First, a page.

Contemporary atheism marches behind the banner of science. It is perhaps no surprise that several leading atheists—from biologist Richard Dawkins to cognitive psychologist Steven Pinker to physicist Victor Stenger—are also leading scientists. The central argument of these scientific atheists is that modern science has refuted traditional religious conceptions of a divine creator.
But of late atheism seems to be losing its scientific confidence. One sign of this is the public advertisements that are appearing in billboards from London to Washington DC. Dawkins helped pay for a London campaign to put signs on city buses saying, “There’s probably no God. Now stop worrying and enjoy your life.” Humanist groups in America have launched a similar campaign in the nation’s capital. “Why believe in a god? Just be good for goodness sake.” And in Colorado atheists are sporting billboards apparently inspired by John Lennon: “Imagine…no religion.”
What is striking about these slogans is the philosophy behind them. There is no claim here that God fails to satisfy some criterion of scientific validation. We hear nothing about how evolution has undermined the traditional “argument from design.” There’s not even a whisper about how science is based on reason while Christianity is based on faith.
Instead, we are given the simple assertion that there is probably no God, followed by the counsel to go ahead and enjoy life. In other words, let’s not let God and his commandments spoil all the fun. “Be good for goodness sake” is true as far as it goes, but it doesn’t go very far. The question remains: what is the source of these standards of goodness that seem to be shared by religious and non-religious people alike? Finally John Lennon knew how to compose a tune but he could hardly be considered a reliable authority on fundamental questions. His “imagine there’s no heaven” sounds visionary but is, from an intellectual point of view, a complete nullity.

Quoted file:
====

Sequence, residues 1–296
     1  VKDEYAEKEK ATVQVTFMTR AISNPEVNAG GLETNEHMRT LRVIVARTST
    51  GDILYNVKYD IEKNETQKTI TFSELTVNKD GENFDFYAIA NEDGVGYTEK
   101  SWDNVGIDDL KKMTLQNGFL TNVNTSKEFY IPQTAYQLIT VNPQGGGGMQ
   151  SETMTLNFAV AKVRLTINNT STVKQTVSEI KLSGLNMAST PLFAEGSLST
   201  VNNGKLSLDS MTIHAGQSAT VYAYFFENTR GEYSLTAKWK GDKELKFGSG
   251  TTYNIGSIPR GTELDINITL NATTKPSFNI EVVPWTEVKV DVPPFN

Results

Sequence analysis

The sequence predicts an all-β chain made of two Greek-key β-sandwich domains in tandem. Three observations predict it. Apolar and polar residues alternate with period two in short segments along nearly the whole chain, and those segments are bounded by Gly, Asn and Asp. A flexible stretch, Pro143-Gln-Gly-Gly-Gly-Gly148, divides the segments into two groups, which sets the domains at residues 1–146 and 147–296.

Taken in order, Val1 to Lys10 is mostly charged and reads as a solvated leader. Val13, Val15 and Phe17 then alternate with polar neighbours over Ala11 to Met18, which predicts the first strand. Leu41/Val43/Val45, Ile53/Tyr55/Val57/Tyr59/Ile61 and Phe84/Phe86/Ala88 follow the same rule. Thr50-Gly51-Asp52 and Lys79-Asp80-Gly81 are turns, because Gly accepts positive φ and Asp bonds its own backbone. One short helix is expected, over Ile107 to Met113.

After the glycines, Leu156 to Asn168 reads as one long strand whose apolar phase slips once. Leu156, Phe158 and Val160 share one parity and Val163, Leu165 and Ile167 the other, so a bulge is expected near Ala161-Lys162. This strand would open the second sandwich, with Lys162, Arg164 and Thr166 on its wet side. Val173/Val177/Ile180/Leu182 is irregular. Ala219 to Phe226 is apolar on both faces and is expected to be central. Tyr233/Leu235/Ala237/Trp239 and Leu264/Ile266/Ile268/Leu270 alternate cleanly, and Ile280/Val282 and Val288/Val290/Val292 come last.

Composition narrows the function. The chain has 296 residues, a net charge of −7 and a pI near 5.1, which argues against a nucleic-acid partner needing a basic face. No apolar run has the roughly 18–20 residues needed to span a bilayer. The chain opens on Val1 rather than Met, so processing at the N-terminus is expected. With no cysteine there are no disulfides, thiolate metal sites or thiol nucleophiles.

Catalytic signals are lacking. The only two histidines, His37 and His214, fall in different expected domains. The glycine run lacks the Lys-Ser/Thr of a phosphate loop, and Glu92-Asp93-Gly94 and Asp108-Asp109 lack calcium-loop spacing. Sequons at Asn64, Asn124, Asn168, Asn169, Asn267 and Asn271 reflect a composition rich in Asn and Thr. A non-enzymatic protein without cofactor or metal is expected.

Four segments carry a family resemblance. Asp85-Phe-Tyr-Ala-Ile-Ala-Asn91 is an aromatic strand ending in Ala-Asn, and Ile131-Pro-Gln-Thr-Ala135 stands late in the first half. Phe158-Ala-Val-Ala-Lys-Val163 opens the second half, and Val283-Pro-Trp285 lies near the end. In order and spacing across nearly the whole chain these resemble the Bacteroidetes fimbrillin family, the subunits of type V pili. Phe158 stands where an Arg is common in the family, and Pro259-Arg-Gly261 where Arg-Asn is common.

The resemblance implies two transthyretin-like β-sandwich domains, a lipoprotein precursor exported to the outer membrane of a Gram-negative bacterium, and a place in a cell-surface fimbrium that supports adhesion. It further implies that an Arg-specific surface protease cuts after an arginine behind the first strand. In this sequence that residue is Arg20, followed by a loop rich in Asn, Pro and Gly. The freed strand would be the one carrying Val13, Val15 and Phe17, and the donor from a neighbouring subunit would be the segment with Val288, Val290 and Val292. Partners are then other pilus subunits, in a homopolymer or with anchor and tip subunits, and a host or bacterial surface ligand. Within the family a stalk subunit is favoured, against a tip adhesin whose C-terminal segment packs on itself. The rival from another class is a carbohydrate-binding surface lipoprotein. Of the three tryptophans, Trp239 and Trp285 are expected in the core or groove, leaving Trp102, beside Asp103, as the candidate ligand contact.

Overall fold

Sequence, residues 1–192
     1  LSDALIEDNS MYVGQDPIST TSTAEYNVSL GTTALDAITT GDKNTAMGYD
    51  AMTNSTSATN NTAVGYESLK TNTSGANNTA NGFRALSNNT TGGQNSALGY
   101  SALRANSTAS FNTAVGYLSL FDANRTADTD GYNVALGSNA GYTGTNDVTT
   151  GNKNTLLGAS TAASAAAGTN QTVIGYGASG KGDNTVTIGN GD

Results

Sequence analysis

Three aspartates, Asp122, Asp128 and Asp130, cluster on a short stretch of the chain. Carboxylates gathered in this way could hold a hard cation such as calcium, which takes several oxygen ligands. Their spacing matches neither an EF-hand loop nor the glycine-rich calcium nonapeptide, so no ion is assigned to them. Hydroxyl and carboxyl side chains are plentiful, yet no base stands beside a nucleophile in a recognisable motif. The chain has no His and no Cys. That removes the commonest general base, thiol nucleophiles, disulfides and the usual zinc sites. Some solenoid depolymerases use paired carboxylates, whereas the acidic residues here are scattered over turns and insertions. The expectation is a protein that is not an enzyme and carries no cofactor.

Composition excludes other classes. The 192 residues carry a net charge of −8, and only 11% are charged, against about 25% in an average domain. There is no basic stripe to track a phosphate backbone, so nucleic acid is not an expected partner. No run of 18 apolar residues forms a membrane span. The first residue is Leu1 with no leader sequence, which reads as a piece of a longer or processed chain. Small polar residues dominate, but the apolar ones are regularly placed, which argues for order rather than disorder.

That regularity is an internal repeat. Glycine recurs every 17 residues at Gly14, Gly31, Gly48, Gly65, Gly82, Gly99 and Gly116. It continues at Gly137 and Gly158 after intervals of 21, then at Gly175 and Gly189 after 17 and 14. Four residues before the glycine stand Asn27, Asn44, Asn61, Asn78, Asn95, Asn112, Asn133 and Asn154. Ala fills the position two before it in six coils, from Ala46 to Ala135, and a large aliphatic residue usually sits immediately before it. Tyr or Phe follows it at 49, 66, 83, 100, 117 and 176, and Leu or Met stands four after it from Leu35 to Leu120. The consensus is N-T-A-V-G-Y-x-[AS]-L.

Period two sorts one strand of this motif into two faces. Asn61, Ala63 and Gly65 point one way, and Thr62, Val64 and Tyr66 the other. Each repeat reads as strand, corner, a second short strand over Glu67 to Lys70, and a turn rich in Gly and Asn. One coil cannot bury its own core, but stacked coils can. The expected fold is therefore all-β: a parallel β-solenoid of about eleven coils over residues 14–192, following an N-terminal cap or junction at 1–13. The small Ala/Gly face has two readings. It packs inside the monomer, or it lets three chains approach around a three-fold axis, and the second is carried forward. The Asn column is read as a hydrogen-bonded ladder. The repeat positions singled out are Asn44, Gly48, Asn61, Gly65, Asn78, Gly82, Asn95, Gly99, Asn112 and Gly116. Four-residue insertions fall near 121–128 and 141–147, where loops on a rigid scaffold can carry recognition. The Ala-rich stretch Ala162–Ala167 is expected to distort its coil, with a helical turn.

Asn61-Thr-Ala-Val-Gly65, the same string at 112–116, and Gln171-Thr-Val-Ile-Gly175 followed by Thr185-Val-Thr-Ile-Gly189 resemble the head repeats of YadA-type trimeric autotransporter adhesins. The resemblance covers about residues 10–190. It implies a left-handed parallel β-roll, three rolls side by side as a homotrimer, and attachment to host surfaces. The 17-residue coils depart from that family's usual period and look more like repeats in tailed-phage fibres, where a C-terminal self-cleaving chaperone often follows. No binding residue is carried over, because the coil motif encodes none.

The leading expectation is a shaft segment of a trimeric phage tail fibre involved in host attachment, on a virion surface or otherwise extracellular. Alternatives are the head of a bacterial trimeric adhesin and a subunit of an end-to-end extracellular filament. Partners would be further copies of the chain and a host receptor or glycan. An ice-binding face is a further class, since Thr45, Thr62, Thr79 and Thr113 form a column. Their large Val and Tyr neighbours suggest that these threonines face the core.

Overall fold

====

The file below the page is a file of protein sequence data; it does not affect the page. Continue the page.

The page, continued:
If you want to know why atheists seem to have given up the scientific card, the current issue of Discover magazine provides part of the answer. The magazine has an interesting story by Tim Folger which is titled “Science’s Alternative to an Intelligent Creator.” The article begins by noting “an extraordinary fact about the universe: its basic properties are uncannily suited for life.” As physicist Andrei Linde puts it, “We have a lot of really, really strange coincidences, and all of these coincidences are such that they make life possible.”